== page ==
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First Fleet members can trace their lineage back to a person or persons who arrived in Sydney Cove with Captain Arthur Phillip in 1788. The process of finding a First Fleet forebear has been made easier with the introduction of the internet ... More about us

First Fleet Ships

The Eleven Ships

Alexander, weighing in at 452 tons, 114 ft long and 31 ft at the beam, the Alexander was commanded by Master Duncan Sinclair. She carried 192 male convicts and was the largest ship in the fleet.  Continue Reading »

Golden Grove

  Built in Whitby in 1780, Golden Grove was one of the three store-ships that were owned by Leighton.  She weighed 331 tons, with 5’6” height between decks afore, 5’5” midships and 5”1” Continue Reading »

HMS Lady Nelson

The Lady Nelson story is one of courage and devotion, this small 60 ton brig carried out her duty, with all the vigour of a much larger sea faring vessel, in her twenty-five years of service in the Continue Reading »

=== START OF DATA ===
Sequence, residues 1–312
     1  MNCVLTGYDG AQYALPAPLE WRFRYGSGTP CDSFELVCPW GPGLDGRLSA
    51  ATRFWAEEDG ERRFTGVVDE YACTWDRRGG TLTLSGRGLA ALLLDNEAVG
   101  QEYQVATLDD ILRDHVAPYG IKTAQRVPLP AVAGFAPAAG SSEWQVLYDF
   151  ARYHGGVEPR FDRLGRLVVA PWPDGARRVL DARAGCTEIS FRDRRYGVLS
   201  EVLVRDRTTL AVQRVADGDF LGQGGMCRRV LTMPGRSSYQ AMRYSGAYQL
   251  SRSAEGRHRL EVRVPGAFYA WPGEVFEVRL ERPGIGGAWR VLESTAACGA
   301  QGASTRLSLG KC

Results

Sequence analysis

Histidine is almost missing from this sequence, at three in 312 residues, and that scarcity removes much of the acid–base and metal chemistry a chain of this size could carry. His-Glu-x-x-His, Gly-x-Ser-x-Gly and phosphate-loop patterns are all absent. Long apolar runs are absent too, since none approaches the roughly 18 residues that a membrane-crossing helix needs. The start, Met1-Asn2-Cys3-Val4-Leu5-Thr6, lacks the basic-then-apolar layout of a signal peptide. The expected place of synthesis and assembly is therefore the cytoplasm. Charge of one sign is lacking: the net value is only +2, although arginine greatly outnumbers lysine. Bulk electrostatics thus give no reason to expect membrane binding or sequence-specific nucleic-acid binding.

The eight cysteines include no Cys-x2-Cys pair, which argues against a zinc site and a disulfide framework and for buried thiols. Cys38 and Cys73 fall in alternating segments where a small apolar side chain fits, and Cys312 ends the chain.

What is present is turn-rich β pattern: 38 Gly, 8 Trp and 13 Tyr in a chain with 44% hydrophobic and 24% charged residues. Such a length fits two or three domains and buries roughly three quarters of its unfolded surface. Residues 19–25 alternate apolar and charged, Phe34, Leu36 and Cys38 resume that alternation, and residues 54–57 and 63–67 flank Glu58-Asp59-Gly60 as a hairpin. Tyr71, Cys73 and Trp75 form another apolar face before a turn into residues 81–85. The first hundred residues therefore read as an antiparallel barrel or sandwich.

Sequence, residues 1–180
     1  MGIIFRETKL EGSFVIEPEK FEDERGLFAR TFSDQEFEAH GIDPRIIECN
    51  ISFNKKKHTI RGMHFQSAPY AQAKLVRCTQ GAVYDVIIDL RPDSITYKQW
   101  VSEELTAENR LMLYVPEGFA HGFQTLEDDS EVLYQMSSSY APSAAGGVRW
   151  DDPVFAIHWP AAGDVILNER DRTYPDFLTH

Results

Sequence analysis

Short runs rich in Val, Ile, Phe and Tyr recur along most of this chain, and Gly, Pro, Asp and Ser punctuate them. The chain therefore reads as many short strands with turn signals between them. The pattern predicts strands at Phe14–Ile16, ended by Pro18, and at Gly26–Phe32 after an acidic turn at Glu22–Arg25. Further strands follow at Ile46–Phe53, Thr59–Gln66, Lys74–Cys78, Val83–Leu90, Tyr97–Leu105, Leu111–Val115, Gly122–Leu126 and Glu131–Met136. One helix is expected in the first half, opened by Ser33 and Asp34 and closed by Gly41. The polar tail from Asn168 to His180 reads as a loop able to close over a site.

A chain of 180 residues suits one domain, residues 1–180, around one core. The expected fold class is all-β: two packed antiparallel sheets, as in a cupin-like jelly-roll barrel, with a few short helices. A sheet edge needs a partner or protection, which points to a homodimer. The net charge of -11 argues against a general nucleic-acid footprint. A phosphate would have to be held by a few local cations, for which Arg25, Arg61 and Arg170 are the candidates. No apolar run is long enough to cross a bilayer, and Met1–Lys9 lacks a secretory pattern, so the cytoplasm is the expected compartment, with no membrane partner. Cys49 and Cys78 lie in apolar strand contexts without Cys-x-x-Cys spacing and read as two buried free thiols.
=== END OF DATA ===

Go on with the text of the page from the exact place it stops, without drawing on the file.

Stories

Susannah Blanchet

Monday 24 March 1788, a day described as foggy until 9 a.m., then clear, easterly winds with the temperature reaching 72°.  One this day, four weddings took place, and Susannah Blanchard (sic), a convict, was buried. At the Surrey Lent Assizes 1787, which commenced on Monday 2 April 1787 at Kingston upon Thames before SirContinue Reading »

John Baughan : Mary Cleaver

John Bingham or Baughan, alias Innis Baffin, cabin maker, was convicted at Oxford England, in 1783 for having stolen five woollen blankets being the goods of John Shorter.  Sentenced to seven years transportation to America, he was delivered aboard the ship Mercury on 22 March 1784 with 21 other convicts.  The ship was seized byContinue Reading »

The Tank Stream

The First Water Supply The site of Sydney was chosen by Governor Phillip in 1788, because of all the bays of Port Jackson where ship could anchor Sydney Cove had the best fresh water supply.  This was provided by a fine run of fresh water stealing silently through a thick wood, later to become knownContinue Reading »